Obama’s Patriotic Call


By: Guest Authors

By: Jeffrey Schmidt

The old saying goes that the truth comes after the “but.” And while there was no obvious “but” in Barack Obama’s speech on patriotism, there was enough said in his remarks to give voters a good idea of what he really means by patriotism. And it has a lot to do with the willingness to sacrifice in the cause of bigger, more intrusive government.

Obama’s speech in Independence, Missouri, last Monday was a classic two-fer. It was, on the one hand, an inoculation speech. His quote that he won’t question others patriotism, and he won’t allow anyone to question his, is in wide circulation. And we know why he said it. Democrats haven’t exactly been pro-military since Vietnam, nor would any serious observer characterize their foreign policy leanings as assertive. Obama is trying to sloth off that burden, a burden that he rightly shares.

On the other hand, listeners were treated to a liberal’s definition of modern patriotism. A substantial portion of the speech was dedicated to the themes of sacrifice and service. They’re favorites of liberals, who are rather fervent about them. Sacrifice doesn’t necessarily happen on battlegrounds, but at home in the service of government. Or it happens because politicians deem it is a good thing. Obama said this in his mellifluous voice:

“I also believe that patriotism must, if it is to mean anything, involve the willingness to sacrifice – to give up something we value on behalf of a larger cause.”

And he added:

“…the call to sacrifice for the country’s greater good remains an imperative of citizenship.”

Of course, it’s helpful to ask what lies just under those breezy lines. Some explanation was offered as the Senator continued.

With the wars in Afghanistan and Iraq ongoing, sacrifice means the rich paying more in taxes to foot the bill. Read the Senator’s platform and you learn, not incidentally, it means the rich paying more, period. And in an affluent country, aren’t most of us rich, anyway?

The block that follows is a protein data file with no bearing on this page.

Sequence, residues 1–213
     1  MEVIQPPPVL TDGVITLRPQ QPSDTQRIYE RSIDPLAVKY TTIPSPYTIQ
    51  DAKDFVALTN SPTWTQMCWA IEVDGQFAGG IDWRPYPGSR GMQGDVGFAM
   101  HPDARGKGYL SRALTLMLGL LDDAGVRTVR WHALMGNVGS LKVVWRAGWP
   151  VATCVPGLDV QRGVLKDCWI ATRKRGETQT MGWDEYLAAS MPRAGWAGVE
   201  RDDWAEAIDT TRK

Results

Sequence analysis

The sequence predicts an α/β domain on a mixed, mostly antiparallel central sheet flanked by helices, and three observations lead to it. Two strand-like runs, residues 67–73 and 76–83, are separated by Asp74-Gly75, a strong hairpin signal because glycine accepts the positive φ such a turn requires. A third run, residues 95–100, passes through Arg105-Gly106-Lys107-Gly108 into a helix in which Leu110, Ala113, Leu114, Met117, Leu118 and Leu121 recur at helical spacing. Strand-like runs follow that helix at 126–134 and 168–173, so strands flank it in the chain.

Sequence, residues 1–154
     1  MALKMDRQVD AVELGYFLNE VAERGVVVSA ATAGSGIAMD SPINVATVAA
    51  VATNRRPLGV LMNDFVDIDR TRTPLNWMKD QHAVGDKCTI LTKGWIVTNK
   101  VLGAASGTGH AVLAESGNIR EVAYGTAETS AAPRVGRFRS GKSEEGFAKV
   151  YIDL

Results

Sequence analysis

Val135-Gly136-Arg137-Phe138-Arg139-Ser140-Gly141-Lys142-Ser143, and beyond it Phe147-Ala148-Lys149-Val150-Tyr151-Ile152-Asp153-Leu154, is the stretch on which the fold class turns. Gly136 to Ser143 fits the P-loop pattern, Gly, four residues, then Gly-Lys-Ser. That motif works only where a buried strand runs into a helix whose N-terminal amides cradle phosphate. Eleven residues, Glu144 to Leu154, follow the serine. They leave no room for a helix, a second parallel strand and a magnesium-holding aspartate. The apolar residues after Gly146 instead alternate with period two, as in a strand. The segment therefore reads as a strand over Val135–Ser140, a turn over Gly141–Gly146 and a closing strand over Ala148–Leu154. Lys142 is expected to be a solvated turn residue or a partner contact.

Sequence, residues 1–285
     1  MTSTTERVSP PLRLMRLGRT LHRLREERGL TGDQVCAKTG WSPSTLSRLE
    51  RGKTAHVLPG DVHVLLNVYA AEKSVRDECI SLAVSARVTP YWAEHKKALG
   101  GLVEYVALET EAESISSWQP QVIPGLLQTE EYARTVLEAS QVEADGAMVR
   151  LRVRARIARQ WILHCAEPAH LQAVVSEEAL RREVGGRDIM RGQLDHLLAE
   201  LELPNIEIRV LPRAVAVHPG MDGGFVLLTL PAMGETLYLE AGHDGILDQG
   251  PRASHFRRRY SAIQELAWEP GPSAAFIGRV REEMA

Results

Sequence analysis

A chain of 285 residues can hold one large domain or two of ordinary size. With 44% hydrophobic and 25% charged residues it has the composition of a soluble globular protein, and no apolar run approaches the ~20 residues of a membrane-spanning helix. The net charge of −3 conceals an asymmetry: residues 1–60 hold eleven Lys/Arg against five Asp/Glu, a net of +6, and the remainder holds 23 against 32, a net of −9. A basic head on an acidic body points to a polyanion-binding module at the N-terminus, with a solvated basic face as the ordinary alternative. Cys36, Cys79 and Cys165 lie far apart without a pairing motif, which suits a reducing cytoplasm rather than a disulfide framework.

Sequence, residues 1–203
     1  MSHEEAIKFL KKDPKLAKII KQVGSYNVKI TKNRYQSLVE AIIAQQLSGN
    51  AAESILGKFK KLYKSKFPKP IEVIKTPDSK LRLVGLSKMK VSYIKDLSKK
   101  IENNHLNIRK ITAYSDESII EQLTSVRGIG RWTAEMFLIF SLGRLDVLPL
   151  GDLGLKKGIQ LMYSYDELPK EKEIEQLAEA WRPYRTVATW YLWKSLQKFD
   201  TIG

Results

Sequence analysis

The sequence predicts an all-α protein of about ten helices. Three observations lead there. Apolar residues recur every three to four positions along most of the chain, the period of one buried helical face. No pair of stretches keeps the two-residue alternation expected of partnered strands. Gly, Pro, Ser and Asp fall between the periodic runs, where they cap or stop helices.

He belittled calls after 9/11 for Americans to resume their activities, specifically economic, with the line that citizens were “asked to shop.” A peculiar criticism, given that the nation’s economy was walloped in the aftermath of the attack. Does noble sacrifice entail shuttered businesses and joblessness?

Then he moved on to charge that after 9/11, President Bush and a Republican Congress (both unnamed) did nothing to reduce the nation’s dependence on foreign oil, and “thereby lessen our vulnerability to a volatile region.” So, what would a President Obama do? Well, he wouldn’t permit development of the nation’s oil and gas reserves off its shores and on its soil. Heaven forefend that he would open up ANWR. Ramped up production of clean coal – forget it. Oil shale – Coloradans don’t want it in their backyards. Nuclear power – remember the “China Syndrome?”

With Obama, the answer to our energy woes entails a national sharing of pain, government induced and mostly artificial, of course. Under his proposals, gas prices would keep rising. Five dollars a gallon for gas seems like a nice round number. Taxes would be imposed or raised to punish consumption. Hundreds of billions of dollars would be funneled into the research and development of exotic energy sources, like wind and solar, with the spurious promise that somewhere just around the corner, they’ll deliver cheap and abundant energy forever.